It's easy to hear how these two sounds meld on 'Dum,' which starts things off with a beat constructed from samples so rooted in hip-hop that it leaves the listener assuming that an MC will come barreling in with a verse at any minute. Instead we get an arpeggiated synth line, which goes through multiple outfit changes, accumulating new timbres and shapes—all the while doing a proficient job at increasing the overall intensity. What makes the track special, though, is the multi-tracked beatboxing. Its lo-fi charm contrasts with the glossy production found elsewhere on Rocket Surgery and provides a humorous transition into the beat-heavy workout that wraps things up.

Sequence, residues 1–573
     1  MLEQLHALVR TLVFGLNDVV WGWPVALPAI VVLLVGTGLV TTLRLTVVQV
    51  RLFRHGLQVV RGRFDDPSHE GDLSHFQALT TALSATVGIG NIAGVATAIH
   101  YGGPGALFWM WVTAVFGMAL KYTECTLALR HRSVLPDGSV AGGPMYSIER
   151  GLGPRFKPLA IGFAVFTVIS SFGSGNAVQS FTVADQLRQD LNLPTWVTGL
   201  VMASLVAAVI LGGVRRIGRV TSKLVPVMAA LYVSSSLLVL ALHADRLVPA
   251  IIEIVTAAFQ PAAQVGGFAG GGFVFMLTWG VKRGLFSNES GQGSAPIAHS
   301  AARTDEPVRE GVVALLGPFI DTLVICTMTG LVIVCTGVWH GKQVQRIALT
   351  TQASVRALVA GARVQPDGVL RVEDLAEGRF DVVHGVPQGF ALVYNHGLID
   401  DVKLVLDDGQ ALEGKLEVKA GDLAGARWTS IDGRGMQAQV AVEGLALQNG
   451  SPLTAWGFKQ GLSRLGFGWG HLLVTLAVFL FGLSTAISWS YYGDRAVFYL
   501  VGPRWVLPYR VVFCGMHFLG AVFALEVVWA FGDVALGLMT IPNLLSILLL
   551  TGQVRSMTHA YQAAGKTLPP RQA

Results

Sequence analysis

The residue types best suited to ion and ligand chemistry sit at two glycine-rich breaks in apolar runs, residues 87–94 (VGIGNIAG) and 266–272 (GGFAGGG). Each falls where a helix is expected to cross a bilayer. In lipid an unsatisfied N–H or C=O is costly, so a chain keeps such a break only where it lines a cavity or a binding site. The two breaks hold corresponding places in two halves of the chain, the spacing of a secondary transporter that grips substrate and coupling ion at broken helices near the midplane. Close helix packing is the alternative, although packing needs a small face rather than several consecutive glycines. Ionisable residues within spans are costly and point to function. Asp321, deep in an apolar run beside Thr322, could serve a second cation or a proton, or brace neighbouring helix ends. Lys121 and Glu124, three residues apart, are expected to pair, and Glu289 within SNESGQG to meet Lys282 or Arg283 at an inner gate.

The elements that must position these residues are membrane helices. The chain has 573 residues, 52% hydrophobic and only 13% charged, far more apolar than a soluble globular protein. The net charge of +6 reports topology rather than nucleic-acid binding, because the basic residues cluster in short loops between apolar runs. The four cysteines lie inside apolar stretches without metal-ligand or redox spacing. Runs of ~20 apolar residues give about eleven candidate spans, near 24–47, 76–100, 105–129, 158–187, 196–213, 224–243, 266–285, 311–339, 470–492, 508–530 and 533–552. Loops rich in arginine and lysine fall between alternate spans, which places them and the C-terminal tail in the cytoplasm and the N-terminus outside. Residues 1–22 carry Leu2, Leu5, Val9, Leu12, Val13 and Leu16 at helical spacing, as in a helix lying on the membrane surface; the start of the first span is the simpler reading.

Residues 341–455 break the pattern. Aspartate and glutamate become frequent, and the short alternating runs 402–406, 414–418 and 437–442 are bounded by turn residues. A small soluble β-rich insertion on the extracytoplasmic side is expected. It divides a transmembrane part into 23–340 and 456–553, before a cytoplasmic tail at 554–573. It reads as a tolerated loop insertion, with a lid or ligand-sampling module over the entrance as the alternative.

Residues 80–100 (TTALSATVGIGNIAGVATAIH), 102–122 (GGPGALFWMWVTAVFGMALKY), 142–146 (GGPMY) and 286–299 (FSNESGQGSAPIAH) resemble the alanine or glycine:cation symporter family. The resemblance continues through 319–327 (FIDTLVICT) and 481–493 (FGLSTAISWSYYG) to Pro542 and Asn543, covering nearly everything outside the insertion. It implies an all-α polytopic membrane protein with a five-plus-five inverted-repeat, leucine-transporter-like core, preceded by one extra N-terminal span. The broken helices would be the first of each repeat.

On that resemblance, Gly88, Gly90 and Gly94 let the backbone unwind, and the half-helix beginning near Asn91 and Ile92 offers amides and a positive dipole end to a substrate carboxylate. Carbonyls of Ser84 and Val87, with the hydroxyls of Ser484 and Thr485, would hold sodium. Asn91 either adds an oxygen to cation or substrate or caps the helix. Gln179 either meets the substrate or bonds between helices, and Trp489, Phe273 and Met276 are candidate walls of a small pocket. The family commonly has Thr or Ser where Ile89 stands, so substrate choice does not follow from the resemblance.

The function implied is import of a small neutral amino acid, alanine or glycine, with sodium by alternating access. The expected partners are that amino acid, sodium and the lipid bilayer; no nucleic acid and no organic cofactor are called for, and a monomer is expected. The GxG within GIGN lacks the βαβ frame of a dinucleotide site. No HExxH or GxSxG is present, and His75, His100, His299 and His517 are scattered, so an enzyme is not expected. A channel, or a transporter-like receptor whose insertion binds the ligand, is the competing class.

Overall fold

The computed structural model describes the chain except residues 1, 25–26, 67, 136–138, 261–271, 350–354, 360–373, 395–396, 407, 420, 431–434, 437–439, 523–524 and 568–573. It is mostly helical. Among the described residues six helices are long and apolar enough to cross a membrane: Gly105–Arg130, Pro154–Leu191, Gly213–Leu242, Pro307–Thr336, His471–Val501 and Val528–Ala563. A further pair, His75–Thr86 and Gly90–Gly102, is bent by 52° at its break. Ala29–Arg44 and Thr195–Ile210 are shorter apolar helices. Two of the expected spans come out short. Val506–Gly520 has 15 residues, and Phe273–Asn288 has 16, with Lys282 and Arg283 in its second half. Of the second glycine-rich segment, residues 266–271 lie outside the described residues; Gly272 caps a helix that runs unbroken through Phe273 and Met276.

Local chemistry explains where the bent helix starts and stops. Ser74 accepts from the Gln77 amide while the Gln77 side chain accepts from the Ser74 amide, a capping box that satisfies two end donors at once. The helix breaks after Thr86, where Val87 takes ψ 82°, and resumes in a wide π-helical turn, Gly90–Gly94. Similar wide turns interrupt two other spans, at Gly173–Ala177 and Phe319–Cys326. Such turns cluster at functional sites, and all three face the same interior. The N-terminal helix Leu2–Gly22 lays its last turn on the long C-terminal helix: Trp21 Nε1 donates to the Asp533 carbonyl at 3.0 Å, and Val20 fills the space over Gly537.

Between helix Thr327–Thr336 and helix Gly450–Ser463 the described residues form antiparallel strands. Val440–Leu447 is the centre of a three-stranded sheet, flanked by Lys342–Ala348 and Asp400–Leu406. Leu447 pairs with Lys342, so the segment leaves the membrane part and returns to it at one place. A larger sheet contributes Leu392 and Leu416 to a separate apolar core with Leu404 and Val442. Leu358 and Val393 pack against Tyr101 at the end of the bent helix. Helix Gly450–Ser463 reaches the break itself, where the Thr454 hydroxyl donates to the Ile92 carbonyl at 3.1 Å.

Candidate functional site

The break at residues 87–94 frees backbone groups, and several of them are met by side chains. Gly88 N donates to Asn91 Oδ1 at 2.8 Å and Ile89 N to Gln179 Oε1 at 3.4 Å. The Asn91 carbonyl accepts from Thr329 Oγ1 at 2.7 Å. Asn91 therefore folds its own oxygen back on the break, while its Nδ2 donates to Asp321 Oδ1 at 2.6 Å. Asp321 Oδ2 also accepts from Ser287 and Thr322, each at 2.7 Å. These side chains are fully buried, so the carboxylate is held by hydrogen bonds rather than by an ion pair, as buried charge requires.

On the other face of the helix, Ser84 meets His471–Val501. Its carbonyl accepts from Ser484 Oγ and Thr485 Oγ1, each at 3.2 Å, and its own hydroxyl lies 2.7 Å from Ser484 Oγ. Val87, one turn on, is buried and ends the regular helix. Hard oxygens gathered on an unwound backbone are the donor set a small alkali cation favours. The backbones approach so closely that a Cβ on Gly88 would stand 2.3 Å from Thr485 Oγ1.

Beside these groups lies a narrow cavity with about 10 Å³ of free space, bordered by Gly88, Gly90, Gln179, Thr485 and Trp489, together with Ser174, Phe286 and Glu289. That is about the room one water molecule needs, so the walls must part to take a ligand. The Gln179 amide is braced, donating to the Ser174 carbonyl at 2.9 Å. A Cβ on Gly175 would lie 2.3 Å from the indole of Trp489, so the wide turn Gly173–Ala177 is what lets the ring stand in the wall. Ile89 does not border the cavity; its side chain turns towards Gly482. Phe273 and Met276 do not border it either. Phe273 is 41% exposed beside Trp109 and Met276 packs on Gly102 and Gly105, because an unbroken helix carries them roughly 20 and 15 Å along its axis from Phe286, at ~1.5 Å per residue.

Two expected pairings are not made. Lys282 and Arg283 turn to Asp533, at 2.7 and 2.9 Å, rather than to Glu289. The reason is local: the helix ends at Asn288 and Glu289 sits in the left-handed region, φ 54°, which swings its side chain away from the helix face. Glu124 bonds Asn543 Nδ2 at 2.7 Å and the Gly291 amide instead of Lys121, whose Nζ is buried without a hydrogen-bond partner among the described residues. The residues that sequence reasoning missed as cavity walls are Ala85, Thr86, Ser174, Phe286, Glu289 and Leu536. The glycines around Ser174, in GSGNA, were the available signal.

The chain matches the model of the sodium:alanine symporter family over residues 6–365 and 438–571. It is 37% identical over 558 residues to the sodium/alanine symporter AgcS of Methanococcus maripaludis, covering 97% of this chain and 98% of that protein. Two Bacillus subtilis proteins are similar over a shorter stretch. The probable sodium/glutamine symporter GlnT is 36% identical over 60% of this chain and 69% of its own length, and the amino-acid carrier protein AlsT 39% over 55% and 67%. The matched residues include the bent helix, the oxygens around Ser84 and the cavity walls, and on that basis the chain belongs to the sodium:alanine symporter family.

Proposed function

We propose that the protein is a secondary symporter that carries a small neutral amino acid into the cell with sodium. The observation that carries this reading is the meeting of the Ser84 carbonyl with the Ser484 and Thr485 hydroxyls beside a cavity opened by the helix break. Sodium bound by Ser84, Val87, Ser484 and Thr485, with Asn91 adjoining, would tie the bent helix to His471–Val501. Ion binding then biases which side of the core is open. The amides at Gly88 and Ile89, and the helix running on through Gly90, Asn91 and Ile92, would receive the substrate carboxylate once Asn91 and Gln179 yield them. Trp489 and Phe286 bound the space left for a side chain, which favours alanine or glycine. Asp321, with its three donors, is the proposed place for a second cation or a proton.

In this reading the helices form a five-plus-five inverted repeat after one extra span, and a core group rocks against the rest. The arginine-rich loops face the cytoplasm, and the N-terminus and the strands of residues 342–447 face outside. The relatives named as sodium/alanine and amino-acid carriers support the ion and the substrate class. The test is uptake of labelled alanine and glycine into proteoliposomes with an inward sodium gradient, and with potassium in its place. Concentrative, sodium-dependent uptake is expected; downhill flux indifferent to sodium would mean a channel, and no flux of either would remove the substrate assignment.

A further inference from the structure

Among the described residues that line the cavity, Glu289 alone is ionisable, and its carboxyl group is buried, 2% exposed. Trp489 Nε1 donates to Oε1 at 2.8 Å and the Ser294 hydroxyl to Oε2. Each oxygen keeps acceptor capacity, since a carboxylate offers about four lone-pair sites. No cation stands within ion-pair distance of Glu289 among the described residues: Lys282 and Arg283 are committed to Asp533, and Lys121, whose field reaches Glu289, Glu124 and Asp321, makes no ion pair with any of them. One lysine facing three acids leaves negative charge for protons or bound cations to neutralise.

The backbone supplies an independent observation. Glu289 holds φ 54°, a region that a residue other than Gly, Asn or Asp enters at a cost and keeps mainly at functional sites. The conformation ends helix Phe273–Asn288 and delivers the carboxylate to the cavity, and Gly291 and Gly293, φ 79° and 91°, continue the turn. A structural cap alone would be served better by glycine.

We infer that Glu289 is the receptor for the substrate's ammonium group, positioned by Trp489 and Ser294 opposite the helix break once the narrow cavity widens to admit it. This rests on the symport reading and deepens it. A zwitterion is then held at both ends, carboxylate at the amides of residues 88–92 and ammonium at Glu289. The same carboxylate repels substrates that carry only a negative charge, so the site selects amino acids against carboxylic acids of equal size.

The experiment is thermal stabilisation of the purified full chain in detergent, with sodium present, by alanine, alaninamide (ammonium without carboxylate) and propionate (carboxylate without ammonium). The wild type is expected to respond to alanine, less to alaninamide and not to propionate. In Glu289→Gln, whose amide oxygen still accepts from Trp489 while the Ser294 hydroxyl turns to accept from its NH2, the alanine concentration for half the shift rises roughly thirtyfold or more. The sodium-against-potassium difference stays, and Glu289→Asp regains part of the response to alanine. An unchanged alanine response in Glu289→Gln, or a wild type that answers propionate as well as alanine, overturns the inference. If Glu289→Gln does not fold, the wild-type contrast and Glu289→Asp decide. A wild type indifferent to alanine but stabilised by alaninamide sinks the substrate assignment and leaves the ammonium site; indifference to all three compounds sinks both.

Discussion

The vocal antics continue on 'Full Moon,' but here a battery of “oohs” are stretched and pitch-adjusted to form a basic melody. Again the title of the track reflects the vibe—a wolf howls (at a full moon, one assumes) and frogs chirp in the distance on top of a punchy beat. Call it haunted house: the gated vocal melodies, timpani flares, and boney xylophone would sound right at home in late October.
'Rocket Surgery' plays the straight man on this EP. It's more in line with the traditional Dirtybird sound. Anchored by an up-front tech house beat, it doesn’t waste much time before arriving at an emotive steel drum melody reminiscent of something you might've heard from Booka Shade circa Movements. In a scant three tracks—discounting, of course, the BBC Radiophonic Workshop-inspired comedic short 'The Capacitron'—the Martin Brothers show off an impressive range of songwriting and production skill, ultimately making this release one to recommend.